Mash's Musings

Disney, Grimm, and the Holy Scripture

Published Jun. 9, 2021

The moment I first learned about Grimm's Fairy Tales, I was floored. Having grown up watching boxes of old Disney VHS tapes, I had come to believe that all children's tales followed the whitewashed arcs accessible to even the most coddled children. And while I still think Snow White and the Seven Dwarfs is a beautifully animated and fun movie, it's just not quite the same knowing that the stepmother's original intention was to harvest Sneewittchen's organs for consumption.

Recently I have been having the same experience going through the Old Testament and realizing how R-rated it is compared to popular references and interpretations. My preconceived notion was of this old stuffy book filled with draconian rules that nobody really follows — and in some ways that is true. But what they don't tell you is that the overwhelming majority covers the spectrum of life that I guess was typical for 1500 BC; including numerous genocides, rapes, kidnappings, and instances of human trafficking.

What they don't tell you is that the story of Samson is as much about his philandering as it is about his strength. That Noah gets wasted and presumably fondled by his son after saving life on Earth. Or that the story of Moses is as much about massacring the native Canaanites for a land grab as it is about freeing the slaves from Egypt.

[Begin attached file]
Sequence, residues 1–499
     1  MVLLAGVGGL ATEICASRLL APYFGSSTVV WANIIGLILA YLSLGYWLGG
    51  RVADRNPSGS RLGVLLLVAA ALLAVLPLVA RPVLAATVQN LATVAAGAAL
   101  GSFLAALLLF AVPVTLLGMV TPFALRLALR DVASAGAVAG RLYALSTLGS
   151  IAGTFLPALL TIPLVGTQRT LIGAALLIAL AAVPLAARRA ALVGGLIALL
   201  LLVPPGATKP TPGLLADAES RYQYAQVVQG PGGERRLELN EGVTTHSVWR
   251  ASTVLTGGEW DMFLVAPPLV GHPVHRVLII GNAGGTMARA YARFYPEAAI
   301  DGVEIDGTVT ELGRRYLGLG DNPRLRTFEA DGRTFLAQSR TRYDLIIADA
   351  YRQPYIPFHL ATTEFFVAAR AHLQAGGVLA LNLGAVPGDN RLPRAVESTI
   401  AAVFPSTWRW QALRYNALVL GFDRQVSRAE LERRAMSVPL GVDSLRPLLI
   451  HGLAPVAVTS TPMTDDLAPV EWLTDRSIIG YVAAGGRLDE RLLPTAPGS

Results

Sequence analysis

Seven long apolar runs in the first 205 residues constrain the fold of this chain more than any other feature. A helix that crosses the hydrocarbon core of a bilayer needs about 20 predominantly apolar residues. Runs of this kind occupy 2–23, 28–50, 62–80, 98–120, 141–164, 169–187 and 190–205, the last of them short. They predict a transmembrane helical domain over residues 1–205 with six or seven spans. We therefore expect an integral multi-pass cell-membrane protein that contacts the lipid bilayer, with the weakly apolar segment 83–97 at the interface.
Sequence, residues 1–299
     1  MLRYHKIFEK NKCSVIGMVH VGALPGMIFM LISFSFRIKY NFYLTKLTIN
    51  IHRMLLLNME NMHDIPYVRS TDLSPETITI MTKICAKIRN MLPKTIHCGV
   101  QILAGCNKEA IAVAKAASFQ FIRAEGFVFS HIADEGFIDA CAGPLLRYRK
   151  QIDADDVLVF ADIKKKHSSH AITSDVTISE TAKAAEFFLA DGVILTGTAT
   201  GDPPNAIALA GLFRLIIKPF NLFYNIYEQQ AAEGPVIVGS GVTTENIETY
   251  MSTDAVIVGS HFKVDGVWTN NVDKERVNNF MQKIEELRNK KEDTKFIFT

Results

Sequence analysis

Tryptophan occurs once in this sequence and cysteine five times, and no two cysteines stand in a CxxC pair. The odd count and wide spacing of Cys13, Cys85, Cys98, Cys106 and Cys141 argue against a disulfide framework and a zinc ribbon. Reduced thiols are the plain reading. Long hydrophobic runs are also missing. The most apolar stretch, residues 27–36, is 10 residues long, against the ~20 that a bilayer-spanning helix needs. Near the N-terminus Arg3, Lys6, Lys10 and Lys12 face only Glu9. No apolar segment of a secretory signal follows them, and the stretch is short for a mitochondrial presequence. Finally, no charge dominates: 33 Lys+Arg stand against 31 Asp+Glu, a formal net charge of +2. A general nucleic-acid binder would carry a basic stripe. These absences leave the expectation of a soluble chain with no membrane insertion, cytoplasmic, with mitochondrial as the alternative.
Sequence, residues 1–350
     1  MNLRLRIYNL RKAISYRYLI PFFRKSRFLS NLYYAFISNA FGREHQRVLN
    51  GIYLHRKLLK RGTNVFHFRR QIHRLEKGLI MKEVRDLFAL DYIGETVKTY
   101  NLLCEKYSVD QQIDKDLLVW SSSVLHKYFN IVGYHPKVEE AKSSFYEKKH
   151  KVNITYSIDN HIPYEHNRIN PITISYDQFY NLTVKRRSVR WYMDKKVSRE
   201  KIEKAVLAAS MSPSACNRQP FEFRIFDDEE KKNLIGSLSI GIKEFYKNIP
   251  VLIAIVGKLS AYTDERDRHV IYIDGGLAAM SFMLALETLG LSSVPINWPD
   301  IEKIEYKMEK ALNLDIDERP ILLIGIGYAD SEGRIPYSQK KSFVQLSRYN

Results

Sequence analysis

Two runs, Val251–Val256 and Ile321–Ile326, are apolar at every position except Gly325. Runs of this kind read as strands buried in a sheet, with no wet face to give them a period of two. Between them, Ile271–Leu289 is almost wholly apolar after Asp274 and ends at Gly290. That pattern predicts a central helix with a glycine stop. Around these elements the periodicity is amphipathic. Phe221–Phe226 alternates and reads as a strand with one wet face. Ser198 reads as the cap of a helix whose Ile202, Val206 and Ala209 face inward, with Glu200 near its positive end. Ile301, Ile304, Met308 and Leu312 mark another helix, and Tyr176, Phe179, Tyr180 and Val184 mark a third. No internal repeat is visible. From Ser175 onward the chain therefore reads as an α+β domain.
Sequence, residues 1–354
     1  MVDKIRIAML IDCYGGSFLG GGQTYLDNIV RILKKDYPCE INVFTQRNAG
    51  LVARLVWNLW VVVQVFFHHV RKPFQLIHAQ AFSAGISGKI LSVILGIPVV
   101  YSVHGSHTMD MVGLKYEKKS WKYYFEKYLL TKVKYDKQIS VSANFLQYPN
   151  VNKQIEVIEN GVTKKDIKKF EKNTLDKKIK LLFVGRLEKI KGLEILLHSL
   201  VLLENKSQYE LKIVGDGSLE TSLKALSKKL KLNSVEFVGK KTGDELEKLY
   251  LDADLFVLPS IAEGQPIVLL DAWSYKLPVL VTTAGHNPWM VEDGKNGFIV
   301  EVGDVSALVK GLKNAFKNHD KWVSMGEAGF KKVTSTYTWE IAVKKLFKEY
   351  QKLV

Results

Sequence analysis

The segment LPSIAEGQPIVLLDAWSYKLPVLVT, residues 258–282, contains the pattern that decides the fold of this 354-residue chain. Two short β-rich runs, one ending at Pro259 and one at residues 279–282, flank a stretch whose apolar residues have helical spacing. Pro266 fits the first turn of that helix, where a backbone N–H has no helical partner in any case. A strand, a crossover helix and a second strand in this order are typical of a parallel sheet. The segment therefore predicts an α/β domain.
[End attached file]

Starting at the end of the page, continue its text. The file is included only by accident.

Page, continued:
While these stories are beyond the pale today, they portray a far more believable and ultimately compelling narrative of how a religious identity is formed. The need to unify around a Founding Myth and to execute on it at all costs becomes clear only in relation to the contemporary alternatives. And the suffering and misery that follows from a failure to adhere to the ideals are what reinforce the message.

Colored by those early Disney movies, my expectation was that these stories were filled with white knights overcoming some singular tragic flaw to save the people from the obvious tyrant. But I'm glad that it is turning out to be more Sneewittchen than Snow White — the tales of envy, revenge, and petty ambition are as relatable today as they were then. Despite more than 3000 years of wisdom handed down from cultures across the world and unbelievable material wealth, it seems the human condition has remained unchanged.